Photo: SK Hasan Ali/ Kalerkantho
Thousands of Rohingya Muslims, who have been described as one of the world's least wanted minorities and some of the world's most persecuted people, now are arriving in Bangladesh by foot or by boat to flee violence in Myanmar creating huge pressures on Bangladesh to cope with.
Bangladesh is not capable to shelter a large number of refugees from Myanmar as it has limited lands and equipment to face the crisis like this one while the coming Rohingyas are in urgent need of shelter, food, and medical care.
It is needless to say, the situation is severely harmful to Bangladesh’s socio-economic aspect that the country has been facing for the long time as Myanmar army has frequently unleashed one of the most persecuted minorities of our time.
Claiming the Rohingya Muslims are the Bangladeshi nationals, the Myanmar authorities systematically targeting the Rohingya population for their ethnicity and religion and the Rohingya population is denied citizenship under the 1982 Burmese citizenship law. Human Rights Watch in a report stated, the 1982 laws “effectively deny to the Rohingya the possibility of acquiring a nationality.”
If we look back to the distressful history, the Rohingyas have faced military crackdowns in the years of 1978, 1991–1992, 2012, 2015 and 2016–2017 and according to a 2016 study published in the medical journal The Lancet, Rohingya children in Myanmar face low birth weight, malnutrition, diarrhea, and barriers to reproduction on reaching adulthood.
Who are the Rohingyas? In the now Rakhine state of Myanmar, as we find from the history, Muslims have been lived since as early as the 12th century and in accordance with the Human Rights Watch (HRW), during more than 100 years of British rule (1824-1948), there was a significant amount of migration of labourers to what is now known as Myanmar from today's India and Bangladesh. Because the British administered Myanmar as a province of India, such migration was considered internal.
Once the violence erupts in Myanmar, the Rohingyas are stepping to Bangladesh creating huge challenges to our societies but we are frequently observing the Bangladesh authorities can’t handle the situation properly, not even they raise the strong voice against Myanmar to the international level. They only can beg the international communities to assist fled Rohingyas. It is really sorrow for the nation.
Hundreds of thousands of Rohingya people are living in Bangladesh since a long time but according to Wikipedia, steps to repatriate Rohingya refugees began in 2005. In 2009, the government of Bangladesh announced that it will repatriate around 9,000 Rohingyas living in refugee camps inside the country back to Myanmar, after a meeting with Burmese diplomats. On 16 October 2011, the new government of Myanmar agreed to take back registered Rohingya refugees.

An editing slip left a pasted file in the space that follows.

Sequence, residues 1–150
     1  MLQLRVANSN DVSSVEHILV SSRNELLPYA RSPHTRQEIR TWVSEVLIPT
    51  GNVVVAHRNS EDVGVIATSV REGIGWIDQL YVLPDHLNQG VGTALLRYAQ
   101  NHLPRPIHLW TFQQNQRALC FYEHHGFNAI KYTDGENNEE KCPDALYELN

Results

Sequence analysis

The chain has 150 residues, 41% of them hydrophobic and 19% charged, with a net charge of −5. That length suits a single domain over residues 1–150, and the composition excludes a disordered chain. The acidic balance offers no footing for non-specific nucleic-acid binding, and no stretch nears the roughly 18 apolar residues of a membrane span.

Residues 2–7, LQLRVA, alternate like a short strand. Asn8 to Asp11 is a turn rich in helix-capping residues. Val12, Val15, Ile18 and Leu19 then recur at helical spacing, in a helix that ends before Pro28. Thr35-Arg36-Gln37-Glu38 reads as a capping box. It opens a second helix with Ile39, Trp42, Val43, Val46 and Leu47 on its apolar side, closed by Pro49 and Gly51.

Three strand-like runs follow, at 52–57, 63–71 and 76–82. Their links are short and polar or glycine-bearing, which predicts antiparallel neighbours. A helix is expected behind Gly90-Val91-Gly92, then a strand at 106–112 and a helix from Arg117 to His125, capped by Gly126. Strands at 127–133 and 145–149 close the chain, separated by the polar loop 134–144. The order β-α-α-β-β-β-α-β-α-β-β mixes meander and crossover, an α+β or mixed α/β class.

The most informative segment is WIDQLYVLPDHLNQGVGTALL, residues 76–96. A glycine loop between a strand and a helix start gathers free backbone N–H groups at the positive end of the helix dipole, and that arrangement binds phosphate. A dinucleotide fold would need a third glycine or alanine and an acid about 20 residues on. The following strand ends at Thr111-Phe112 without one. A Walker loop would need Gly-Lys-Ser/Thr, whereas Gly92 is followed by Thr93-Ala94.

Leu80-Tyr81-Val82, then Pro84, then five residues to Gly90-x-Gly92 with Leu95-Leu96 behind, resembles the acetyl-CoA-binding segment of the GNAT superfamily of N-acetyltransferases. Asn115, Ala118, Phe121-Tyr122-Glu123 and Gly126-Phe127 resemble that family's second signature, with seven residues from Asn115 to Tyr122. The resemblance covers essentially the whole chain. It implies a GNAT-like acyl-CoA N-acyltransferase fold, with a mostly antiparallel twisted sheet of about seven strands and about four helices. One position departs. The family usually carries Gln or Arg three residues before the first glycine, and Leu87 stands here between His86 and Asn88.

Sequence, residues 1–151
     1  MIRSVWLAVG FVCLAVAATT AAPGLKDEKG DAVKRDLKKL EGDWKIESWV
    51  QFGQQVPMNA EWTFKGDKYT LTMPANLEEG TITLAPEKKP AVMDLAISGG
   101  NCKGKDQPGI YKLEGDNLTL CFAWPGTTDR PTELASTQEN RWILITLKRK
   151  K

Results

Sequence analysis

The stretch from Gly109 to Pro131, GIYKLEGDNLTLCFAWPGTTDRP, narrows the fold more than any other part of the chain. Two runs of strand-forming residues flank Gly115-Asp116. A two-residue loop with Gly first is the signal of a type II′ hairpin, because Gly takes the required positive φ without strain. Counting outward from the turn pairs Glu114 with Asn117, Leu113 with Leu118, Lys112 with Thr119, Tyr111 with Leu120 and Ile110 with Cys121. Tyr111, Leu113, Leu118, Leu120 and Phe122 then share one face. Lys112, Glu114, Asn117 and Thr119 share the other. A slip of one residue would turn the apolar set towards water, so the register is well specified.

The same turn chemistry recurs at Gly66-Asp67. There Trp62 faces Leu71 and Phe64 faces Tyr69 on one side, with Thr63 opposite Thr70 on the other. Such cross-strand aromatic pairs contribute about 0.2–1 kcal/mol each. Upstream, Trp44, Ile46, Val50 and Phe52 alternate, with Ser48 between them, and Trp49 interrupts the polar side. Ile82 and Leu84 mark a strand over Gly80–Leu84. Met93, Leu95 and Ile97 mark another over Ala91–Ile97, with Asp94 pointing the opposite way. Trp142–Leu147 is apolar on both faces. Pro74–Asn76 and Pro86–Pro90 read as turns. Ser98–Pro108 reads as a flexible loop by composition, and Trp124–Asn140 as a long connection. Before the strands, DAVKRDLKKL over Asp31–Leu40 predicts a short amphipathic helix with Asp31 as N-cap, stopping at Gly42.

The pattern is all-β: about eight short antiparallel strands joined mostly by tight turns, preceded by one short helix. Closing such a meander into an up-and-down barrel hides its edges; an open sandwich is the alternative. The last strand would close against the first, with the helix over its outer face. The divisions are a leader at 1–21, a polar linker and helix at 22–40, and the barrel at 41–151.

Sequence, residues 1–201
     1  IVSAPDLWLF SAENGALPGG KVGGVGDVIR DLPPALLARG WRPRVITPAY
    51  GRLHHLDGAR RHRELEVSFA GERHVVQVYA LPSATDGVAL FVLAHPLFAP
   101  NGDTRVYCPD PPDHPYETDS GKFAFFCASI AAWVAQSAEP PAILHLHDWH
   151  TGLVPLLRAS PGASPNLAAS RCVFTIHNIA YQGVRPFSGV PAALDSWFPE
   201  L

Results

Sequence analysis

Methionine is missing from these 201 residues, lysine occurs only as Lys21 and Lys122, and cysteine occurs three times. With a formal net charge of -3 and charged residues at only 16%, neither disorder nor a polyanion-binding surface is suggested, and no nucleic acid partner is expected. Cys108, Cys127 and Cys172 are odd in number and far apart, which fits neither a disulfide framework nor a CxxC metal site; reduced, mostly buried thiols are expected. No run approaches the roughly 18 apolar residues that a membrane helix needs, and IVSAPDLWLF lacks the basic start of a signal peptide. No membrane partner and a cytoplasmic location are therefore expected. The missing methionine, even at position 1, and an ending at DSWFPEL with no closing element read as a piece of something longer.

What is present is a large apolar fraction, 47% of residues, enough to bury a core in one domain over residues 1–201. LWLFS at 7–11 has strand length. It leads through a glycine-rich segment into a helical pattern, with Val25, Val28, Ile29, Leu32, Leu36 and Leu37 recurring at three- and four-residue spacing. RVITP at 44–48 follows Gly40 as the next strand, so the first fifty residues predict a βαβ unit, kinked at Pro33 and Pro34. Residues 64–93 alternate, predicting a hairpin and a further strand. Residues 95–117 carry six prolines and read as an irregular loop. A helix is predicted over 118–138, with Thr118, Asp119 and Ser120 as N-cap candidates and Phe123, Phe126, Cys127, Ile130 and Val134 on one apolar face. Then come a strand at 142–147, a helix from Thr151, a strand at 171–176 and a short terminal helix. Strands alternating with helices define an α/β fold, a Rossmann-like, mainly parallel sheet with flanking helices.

However, Rakhine State riots in 2012 hampered the repatriation efforts and it failed to repatriate them and the government has been in silence until the last violence erupted there on August 25, 2017.
The well-known political figure and the Nobel Peace Prize winner of Myanmar, Aung San Suu Kyi, who fought for the rights of people there, frequently denied the ethnic cleansing, persecution and atrocities against Rohingya Muslims while there are more than one million Rohingya living in Myanmar and they have been discriminated for decades and Myanmar authorities continue torture on them and forcing Rohingya residents to leave their villages while they refused to leave their homes, they kill them indiscriminately.
Prime Minister Sheikh Hasina and her government, however, gained international admiration for sheltering the Rohingya Muslims and responding to their traumatic situation as they fled to Bangladesh with empty handed.
But being a small and underdeveloped country in South Asia, first of all, Bangladesh has to understand how to cope with the situation of burden hundreds of thousands of people here.
According to Amnesty International, since the 25th August, around 412,000 people have fled Myanmar to nearby Bangladesh, making this the world’s fastest-growing refugee crisis. 80 percent of those fleeing are women and children, and many are badly injured.
Historically, Myanmar is bound to take back their citizens and to resolve the crisis, Bangladesh must create huge pressure on them in both nationally and internationally and greater diplomatic communications are needed for resolve the crisis.
Myanmar, of course, is one step ahead of Bangladesh in terms of gaining support over the crisis from its neighboring countries like India and China, the greatest powers in the South Asia but I think Bangladesh showed their failures as they can’t able to handle the situation diplomatically for their poor diplomatic efforts.
UK, Turkey, and Malaysia, have great roles to pressurize Myanmar over the crisis. And it praiseworthy that UK has suspended a military training being given to the Myanmar army while one of the largest UK trade union withdrawn an award given to San Suu Kyi. Many people of the world also suggested revoking the Nobel peace prize San Suu Kyi.
Keeping ties with other world powers, Bangladesh needs strong support from India, China, and other neighboring countries but the world’s largest nation, Russia and East Asian nation China have already offered their support for Myanmar.
It has negative impacts for Bangladesh and as well as in the region. So Bangladesh has to create strong international pressures on Myanmar for repatriation of their citizens soon.
The writer is a Sub-Editor of The Daily Kaler Kantho (English Version) and he can be reached at firstname.lastname@example.org.